Like any other sector of bourgeois capitalist societies, the political class can and often does develop its own discrete interests and evolutionary path. At times these political sectors can depart from the interests of the capitalist system as a whole, but ultimately they are dependent upon capital. The same is true of the military sector, the judiciary, the intelligentsia and the state bureaucracy. These sectors, together with the political class, are component parts of the capitalist mode of production’s ruling elite.
However, in times of crisis, whether this is caused by severe economic, military, diplomatic, legal or ideological transformations, the elites in these separate sectors can begin to fall-out or in extreme cases collaborate to save the system. Alternatively, as now, one powerful sector can further exert their sectional domination over the others – to the detriment of the system as a whole.
Since the dawn of the 20th century, one particular sector of the capitalist mode of production has, apart from brief periods, consistently managed to exert its particular interests over all the others. That sector is best described by the term ‘finance-capital’. Finance-capital is a term which covers all those activities which involve – in one way or another – the investment of the money form of capital (or its paper equivalents) directly for interest or added monetary-value return of that investment.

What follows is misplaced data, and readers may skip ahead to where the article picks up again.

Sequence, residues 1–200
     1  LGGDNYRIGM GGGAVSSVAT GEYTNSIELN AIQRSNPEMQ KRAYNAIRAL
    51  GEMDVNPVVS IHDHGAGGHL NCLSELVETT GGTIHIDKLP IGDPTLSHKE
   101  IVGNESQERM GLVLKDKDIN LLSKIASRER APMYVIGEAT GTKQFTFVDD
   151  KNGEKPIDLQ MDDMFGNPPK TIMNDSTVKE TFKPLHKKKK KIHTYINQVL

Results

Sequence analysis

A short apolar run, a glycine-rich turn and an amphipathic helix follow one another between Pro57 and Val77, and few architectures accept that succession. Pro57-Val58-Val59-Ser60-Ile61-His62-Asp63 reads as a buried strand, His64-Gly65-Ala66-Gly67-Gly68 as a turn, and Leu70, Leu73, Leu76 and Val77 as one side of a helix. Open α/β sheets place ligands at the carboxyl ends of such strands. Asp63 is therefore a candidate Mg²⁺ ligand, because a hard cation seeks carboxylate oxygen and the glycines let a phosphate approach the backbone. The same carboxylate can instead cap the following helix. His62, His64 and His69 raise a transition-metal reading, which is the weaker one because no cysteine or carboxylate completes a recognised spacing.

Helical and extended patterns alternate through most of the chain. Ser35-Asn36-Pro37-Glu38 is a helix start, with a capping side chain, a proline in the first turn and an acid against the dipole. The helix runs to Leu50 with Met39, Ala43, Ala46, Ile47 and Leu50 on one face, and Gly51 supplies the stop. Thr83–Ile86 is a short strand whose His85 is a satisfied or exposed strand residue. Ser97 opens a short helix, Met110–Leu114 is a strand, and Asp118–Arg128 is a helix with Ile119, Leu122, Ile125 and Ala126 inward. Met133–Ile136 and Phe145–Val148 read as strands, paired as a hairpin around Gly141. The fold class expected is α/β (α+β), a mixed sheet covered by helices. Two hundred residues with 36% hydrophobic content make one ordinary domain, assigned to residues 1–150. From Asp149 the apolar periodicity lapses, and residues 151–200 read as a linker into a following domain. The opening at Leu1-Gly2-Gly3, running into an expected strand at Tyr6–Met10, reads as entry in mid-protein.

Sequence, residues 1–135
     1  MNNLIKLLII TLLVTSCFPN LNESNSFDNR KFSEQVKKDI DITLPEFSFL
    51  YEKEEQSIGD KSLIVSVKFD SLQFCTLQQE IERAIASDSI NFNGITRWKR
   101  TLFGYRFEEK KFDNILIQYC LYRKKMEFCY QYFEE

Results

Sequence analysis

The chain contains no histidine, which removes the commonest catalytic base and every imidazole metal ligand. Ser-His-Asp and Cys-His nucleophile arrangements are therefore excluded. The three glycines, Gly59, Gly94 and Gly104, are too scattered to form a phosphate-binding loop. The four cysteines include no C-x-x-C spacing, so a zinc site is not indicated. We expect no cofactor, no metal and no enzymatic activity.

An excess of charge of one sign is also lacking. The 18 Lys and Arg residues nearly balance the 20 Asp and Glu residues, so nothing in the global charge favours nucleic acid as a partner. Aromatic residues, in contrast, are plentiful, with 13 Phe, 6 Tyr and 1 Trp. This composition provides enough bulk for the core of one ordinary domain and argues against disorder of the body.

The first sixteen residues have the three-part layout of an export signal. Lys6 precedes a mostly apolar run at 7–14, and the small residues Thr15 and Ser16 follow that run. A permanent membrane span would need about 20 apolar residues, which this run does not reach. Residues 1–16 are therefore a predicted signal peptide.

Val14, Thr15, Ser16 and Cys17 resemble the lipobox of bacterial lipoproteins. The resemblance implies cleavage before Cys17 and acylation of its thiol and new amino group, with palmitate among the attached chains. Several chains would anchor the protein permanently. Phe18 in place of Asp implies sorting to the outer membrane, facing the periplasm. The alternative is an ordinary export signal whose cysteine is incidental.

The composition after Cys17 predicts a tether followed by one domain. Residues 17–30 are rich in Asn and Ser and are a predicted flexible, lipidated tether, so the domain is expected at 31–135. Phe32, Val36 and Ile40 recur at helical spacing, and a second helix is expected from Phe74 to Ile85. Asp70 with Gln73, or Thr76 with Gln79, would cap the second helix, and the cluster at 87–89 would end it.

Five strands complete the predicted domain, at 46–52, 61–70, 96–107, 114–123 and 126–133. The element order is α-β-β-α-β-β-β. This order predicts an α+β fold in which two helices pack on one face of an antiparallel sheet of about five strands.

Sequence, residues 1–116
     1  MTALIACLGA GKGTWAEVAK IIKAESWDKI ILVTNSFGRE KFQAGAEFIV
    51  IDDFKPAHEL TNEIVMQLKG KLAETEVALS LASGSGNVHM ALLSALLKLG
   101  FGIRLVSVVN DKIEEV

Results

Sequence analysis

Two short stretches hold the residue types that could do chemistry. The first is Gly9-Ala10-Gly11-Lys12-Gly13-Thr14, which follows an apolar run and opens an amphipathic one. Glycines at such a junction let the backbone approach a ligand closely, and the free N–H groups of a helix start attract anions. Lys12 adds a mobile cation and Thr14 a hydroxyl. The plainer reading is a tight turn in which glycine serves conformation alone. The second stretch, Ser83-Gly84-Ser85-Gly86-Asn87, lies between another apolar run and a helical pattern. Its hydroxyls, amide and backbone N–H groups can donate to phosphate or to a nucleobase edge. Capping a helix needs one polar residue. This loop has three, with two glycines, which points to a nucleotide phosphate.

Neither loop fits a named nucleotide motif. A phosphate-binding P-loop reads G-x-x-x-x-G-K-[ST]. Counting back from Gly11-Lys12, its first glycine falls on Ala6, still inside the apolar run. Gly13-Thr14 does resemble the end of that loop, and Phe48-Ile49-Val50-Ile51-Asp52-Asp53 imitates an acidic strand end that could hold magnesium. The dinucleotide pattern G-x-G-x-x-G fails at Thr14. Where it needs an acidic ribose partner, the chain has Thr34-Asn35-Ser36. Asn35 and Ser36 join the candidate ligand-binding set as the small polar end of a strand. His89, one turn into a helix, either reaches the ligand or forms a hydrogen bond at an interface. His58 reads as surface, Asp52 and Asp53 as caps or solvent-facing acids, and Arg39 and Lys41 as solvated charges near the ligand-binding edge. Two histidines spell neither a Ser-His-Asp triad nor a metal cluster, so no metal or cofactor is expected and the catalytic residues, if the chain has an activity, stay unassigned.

The largest parts of this now dominant sector include banking, trading in shares, currencies, bond-buying and selling, loan creation, hedge-funds, investment banking and the more recently expanded trading of derivatives of various forms. The most recent example of the detrimental domination of this sector over all others was the financial crash of 2008 and the monetary policy decisions implemented afterwards.
The deficient media narrative.
Although the 2008 financial crash was covered extensively everywhere, its connection with the economic and political system was not fully explored or sufficiently understood by the dominant media outlets. Not surprisingly therefore, what is still missing in many of the mainstream narratives is a full understanding of the economic and financial motives which are driving the current crisis deeper and increasing radicalisation of both left and right political tendencies.
In the popular media, finance and economics have been separated from politics and shunted to the periphery of commentary, whilst politics is given prominence and occupies centre stage. Yet it is the economic and financial crisis which continues to underpin the major developments currently taking place and it is the needs of ‘finance-capital’ around which all else now orbits. The fact that there continues to be a massive over-production of finance-capital in the USA , UK and Europe does not explain everything which is currently happening politically but it does explain many things.